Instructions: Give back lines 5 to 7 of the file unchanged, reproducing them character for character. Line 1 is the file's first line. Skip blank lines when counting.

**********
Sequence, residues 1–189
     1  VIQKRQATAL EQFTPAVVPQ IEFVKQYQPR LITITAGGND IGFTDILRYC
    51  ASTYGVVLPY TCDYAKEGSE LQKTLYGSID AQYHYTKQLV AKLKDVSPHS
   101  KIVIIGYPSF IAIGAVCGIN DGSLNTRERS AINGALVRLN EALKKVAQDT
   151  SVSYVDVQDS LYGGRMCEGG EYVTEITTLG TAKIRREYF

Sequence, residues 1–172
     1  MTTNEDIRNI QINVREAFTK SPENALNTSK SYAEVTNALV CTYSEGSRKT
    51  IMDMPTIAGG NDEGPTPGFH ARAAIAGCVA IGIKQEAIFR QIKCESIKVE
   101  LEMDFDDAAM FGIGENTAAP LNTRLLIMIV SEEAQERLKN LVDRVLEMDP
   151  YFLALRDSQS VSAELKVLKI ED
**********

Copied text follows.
   151  SVSYVDVQDS LYGGRMCEGG EYVTEITTLG TAKIRREYF

Sequence, residues 1–172
     1  MTTNEDIRNI QINVREAFTK SPENALNTSK SYAEVTNALV CTYSEGSRKT